Goldman Fined over Information Leaks

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Goldman Sachs (NYSE:GS) , the controversial New York based investment bank, has been fined $22 million by the U.S. Securities and Exchange Commission (SEC) for reportedly tipping off top clients about stocks.

The SEC alleges that between 2006 and 2011, information from weekly equity research meetings between the firm’s analysts and traders was leaked to some of its clients.

“Goldman failed to implement policies and procedures that adequately controlled the risk that research analysts could preview upcoming rating changes with select traders and clients,” said Robert Khuzami, the SEC’s director of enforcement.

The firm will pay $11 million to both the SEC and the Financial Industry Regulatory Authority (FINRA), a private self-regulatory organization.

While Goldman is being fined for trading improprieties, they are not being fined for insider trading.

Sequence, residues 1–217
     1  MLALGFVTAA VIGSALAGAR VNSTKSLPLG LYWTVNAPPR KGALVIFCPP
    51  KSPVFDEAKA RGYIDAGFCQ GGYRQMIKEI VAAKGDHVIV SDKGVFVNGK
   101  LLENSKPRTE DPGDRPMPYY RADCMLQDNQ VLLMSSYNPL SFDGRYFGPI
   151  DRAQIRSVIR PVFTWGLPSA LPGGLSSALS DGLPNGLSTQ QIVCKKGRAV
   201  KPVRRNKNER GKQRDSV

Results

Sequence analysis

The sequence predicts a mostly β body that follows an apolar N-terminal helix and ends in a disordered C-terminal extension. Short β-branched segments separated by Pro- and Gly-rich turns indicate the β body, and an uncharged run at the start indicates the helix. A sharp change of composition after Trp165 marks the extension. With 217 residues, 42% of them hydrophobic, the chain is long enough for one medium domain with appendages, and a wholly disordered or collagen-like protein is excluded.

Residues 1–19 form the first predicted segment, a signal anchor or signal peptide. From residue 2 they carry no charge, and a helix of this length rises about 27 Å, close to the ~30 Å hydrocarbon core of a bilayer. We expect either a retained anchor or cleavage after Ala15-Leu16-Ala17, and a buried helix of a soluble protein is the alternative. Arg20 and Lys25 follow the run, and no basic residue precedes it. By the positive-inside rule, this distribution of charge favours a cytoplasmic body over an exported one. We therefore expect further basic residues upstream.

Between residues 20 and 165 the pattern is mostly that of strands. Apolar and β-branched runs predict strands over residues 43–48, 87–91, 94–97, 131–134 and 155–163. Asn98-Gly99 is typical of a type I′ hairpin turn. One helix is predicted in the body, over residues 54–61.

Goldman’s internal policies called for required wide distribution of its analysts’ statements regarding stocks that it covered, but it did not apply to certain internal messages regarding “market color and short-term trading issues” that the firm failed to adequately define.

The news comes nearly a month after Greg Smith, a former London-based executive director at the firm, published an editorial in the New York Times bashing the firm’s practices and culture.

In July of 2010, Goldman was fined $550 million (the largest fine ever levied on a bank) by the SEC after the regulator concluded that the firm misled its clients with regard to toxic mortgage-backed assets.

Following that investigation, the FSA fined the bank £17.5 million for failing to notify the regulator that it was being investigated by the SEC.

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